Q: How much weight do the presentations carry in a binder? Poster Sessions at National versus a Presentation at a regional? Maybe weighted the same. Want to see variety of activities — how much involvement did you have? A presentation with 3 people versus a poster session that you were sole author. Stefanie is a reviewer for poster sessions — anonymous reviews, had to rank them, 2 different people review each proposal — very competitive. How easy was it to get accepted? ACRL publishes statistics of turn downs — helpful to add that as an accompanying piece of documentation.

Presentations — No one used to know if a presentation didn’t go well, but now with twitter and blogging… everyone knows. Music Cataloging — everyone is doing the same thing, hard to be innovative. Hard to find a niche in popular culture conferences because they aren’t catalogers and don’t really care. Find a niche — hard to stand out if a lot of people are doing the same thing.

Don’t have to be hard-core research study; just has to be peer reviewed. “How we did it good in our library” or “what we did in our library” genre.

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After Immersion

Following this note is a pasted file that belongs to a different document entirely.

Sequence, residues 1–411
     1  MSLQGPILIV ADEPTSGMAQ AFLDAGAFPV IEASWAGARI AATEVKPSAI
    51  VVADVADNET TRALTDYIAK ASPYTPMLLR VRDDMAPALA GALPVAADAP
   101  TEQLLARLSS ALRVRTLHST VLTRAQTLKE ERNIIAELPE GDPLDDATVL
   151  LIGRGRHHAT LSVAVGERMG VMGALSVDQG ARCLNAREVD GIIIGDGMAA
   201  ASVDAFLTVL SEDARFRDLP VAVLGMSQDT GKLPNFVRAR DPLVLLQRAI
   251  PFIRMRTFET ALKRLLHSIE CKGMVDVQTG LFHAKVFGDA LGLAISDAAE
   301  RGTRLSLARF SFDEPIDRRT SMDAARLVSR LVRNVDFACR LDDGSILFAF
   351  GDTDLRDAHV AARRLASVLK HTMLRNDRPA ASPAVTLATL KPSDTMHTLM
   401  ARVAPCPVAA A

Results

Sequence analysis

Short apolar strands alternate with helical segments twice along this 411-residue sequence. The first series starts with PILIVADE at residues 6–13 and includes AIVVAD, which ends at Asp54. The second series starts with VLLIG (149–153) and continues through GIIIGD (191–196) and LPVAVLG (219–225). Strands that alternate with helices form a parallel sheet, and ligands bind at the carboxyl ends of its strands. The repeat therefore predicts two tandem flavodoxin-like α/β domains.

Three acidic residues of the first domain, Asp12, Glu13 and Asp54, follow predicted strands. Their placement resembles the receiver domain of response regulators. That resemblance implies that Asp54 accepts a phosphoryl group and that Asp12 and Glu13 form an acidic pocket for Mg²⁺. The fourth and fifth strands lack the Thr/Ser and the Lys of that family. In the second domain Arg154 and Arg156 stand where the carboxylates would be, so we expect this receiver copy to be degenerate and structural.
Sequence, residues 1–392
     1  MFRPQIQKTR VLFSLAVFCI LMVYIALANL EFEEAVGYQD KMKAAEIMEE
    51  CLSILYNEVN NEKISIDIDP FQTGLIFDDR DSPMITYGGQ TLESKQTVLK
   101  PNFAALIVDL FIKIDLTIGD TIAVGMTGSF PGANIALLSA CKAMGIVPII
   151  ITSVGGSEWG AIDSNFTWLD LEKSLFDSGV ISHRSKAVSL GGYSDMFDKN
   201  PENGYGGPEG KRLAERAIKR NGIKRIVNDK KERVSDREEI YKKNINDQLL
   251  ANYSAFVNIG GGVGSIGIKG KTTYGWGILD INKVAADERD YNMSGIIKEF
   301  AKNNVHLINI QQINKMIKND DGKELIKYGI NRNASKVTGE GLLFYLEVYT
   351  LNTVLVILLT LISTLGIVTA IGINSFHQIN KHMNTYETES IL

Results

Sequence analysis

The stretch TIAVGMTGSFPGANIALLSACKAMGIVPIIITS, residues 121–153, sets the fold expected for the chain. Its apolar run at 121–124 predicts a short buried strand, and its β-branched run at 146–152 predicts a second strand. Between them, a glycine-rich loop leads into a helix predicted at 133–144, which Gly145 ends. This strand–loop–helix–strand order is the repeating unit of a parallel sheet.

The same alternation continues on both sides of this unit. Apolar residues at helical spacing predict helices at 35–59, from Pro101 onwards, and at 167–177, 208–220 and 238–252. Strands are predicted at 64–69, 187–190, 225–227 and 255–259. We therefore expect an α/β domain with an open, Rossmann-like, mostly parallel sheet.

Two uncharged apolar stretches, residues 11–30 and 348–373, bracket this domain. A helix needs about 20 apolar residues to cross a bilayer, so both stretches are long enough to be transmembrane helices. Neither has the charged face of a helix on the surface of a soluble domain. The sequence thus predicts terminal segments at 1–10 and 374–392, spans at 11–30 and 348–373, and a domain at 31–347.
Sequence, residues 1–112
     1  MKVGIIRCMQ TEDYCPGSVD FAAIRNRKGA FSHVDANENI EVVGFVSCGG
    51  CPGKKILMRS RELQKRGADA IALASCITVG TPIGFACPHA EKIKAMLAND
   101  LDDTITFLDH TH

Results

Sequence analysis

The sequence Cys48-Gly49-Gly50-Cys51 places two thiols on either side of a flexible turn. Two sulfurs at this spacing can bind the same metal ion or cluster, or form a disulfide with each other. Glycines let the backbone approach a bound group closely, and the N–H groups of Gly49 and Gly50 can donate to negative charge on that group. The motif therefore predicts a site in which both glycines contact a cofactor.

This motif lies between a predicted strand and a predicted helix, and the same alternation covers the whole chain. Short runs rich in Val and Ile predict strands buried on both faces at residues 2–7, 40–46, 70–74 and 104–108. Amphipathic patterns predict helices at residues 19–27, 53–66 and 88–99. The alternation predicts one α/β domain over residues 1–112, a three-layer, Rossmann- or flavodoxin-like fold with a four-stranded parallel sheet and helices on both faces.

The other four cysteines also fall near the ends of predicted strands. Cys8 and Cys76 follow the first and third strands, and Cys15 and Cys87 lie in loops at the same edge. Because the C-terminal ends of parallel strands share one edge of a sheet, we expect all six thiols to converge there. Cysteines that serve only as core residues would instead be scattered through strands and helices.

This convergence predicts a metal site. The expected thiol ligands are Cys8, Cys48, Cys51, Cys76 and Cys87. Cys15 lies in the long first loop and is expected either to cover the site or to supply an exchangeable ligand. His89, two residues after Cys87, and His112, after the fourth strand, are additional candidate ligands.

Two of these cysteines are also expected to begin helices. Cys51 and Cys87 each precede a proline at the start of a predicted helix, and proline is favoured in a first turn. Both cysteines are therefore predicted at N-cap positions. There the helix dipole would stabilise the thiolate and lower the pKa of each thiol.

To hear ACRL Immersion graduates talk about it, Immersion is like the religious experience the name alludes to. Instruction librarians return home “changed”, inspired by the readings, conversations, and reworked instruction scenarios. We want to talk about what it was like, but can’t quite describe the spirit of the 4.5 days of focused sessions except to other Immersion grads. Like any cult conversion or Bachelor-style relationship, though, the proof, the lasting effects, can only been seen in what happens after. After you go home, after the spotlight is turned off, after the paparazzi have left the building. To me, more important than what happened at Immersion is what I did and will do with that knowledge.

Before we go there, though: a little background on Immersion. As Meredith Farkas blogged shortly after Immersion this summer, it is more retreat than conference. The best way I know to tease out the difference between the two is to look at the focus of each. At a conference, the focus is on the presenter/s research or work, and what they think you may want to know. Even though conferences may be grouped around a particular theme, there is little opportunity or pathway to build ties from one session to the next, and many choices that make many different paths. Conferences are a solo flight navigated by the individual. Immersion focuses on the attendees rather than the (truly awesome) presenters. The Immersion retreat builds a shared experience even before opening by assigning readings ahead of time. Participants in the Teacher track bring one presentation, one-shot instruction session, one semester long course, or one online tutorial to workshop throughout the week. Working on separate projects but with similar stumbling blocks and shared goals and deadlines gave many opportunities for immediate peer review.